You can argue that Emperor Palpatine was always meant to be the main villain who was built up throughout the prequel trilogy, and he was the guy calling the shots for Maul, Dooku and Grievous, but none of the film’s heroes even suspected Palpatine of anything nefarious until midway through Episode III. The Star Wars films have always been about action, not Machiavellian plotting. It’s nice to see Kylo Ren out in front as the bad guy who’s not afraid to get his hands dirty. Hopefully he doesn’t get sliced in half by a lucky lightsaber strike from a rookie user at the end of The Force Awakens, and sticks around through Episode IX.

3. The Right Story at the Right Time

The Force Awakens best Star Wars

Now this is bad storytelling.

From a narrative perspective, A New Hope started at the perfect moment, with Princess Leia hiding the plans for the Death Star in R2-D2 – the movie may have been about Luke and the other characters, but the plans were the narrative glue of the whole shebang. Empire picks up with the next major battle between the Rebels and and the Empire on Hoth, and sets the tone for a Rebellion running ragged across the galaxy, not yet ready to come into its own. Return of the Jedi begins with the rescue of Han Solo, which was the biggest lingering plotline in Empire and establishes that, while they’re still a little green, in the time between Empire and Jedi the heroes have grown far more capable.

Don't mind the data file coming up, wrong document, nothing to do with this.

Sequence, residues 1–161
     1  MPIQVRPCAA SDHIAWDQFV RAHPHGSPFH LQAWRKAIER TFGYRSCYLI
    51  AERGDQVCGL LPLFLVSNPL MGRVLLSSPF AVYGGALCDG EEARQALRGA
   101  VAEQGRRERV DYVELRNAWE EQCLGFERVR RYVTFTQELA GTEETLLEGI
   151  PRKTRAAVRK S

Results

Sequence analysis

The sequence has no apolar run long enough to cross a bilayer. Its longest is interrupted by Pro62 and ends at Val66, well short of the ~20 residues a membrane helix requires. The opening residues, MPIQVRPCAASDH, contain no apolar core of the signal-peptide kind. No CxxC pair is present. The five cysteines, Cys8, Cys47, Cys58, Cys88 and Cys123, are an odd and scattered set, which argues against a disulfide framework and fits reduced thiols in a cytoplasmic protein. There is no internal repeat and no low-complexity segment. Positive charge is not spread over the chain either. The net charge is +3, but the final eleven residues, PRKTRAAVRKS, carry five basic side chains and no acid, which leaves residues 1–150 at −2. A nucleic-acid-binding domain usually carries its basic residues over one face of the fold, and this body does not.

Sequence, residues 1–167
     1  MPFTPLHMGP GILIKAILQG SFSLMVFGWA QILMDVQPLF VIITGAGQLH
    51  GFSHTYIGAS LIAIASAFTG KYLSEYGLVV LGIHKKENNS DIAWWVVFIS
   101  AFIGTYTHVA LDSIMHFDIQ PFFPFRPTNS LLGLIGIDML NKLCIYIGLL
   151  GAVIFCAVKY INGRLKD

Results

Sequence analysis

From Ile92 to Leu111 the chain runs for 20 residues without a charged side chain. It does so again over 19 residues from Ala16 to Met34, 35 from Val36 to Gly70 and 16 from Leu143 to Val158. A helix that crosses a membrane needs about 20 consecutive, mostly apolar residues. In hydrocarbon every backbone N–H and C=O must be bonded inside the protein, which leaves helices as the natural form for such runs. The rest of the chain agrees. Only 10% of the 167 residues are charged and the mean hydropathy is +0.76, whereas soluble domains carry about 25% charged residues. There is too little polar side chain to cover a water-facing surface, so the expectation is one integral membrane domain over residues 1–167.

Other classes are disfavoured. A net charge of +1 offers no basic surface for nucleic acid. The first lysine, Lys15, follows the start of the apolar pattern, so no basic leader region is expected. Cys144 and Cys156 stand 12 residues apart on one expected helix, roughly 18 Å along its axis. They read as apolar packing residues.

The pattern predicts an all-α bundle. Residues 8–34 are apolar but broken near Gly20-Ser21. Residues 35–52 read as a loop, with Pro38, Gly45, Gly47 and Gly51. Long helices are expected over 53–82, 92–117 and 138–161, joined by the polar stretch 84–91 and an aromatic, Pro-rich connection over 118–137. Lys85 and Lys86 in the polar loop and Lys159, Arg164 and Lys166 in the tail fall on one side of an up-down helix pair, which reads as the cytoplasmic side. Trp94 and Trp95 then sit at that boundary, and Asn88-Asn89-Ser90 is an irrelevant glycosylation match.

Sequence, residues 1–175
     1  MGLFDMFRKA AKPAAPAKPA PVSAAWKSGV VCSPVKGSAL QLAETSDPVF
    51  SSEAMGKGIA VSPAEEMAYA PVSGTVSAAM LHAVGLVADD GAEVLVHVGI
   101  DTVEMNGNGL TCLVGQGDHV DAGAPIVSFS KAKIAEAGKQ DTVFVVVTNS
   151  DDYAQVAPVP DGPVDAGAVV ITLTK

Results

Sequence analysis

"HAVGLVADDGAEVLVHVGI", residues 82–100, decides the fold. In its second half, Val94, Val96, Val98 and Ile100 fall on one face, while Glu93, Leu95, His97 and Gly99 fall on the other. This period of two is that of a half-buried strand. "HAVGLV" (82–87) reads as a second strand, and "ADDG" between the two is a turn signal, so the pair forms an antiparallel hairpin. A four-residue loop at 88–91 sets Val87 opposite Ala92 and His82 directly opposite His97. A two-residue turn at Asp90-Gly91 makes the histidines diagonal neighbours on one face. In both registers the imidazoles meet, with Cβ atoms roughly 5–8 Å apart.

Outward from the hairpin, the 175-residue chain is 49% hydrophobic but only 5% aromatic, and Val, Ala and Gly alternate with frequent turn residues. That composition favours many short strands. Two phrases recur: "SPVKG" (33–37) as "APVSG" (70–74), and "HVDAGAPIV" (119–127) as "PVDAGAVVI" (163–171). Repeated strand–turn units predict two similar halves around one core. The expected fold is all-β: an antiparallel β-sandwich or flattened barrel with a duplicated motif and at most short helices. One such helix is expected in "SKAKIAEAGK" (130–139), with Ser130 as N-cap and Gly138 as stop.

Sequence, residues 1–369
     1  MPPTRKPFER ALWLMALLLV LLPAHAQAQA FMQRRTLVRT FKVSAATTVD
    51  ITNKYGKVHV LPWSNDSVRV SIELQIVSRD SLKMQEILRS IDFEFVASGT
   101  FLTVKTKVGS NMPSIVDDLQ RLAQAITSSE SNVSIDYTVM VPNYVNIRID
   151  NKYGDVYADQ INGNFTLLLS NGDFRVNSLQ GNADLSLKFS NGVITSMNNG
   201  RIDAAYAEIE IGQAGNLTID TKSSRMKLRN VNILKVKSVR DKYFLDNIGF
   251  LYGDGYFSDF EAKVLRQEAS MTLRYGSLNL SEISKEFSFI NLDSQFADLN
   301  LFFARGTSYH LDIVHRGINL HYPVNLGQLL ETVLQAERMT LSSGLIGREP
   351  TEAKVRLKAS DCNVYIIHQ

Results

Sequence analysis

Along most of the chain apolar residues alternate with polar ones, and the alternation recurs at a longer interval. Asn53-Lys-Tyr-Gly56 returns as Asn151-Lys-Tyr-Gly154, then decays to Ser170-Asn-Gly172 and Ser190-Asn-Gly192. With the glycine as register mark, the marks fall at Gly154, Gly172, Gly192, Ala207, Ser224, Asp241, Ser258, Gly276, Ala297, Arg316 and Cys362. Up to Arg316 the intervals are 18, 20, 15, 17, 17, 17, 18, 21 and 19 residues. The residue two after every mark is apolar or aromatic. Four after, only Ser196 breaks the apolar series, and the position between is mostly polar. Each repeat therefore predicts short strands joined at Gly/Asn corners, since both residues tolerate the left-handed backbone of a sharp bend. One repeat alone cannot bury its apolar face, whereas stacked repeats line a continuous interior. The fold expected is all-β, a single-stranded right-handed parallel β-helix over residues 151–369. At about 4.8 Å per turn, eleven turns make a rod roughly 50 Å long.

Then came the prequels and a whole mess of bad storytelling. The biggest takeaway from The Phantom Menace is that Anakin Skywalker was upset that he had to leave his mother at a young age. That’s it. Vader misses his mommy. That could have been a couple throwaway lines in a good first movie in the prequel trilogy, not the entire focus of Episode I. From a storytelling standpoint, there’s no reason for this movie to exist. Then having Attack of the Clones pick up a decade later and having Anakin and Padme randomly fall in love despite a creepy age difference seems more like bad fan-fiction than the work of a master storyteller. And Revenge of the Sith skipped so much potentially fertile ground to showcase the evolution of Anakin’s characters as a battle-hardened war veteran that they had to fill in the gaps with a cartoon series. (Two, in fact.)

The Force Awakens picks up roughly 30 years after the end of Jedi. It does seem like the story is picking up at right point for the characters to be doing interesting things, but setting the new trilogy that far into the future could harm how the characters in the original trilogy are viewed. From Han’s comments to Rey in the trailer that “It’s all true…” it almost sounds as if the Rebels have been forgotten over the past three decades. Luke has apparently been in hiding since the Battle of Endor, but let’s hope that everyone else didn’t just find quiet backwaters to cool their heels for all that time. Giving so many great characters nothing to do for 30 years would be a real slap in the face to fans.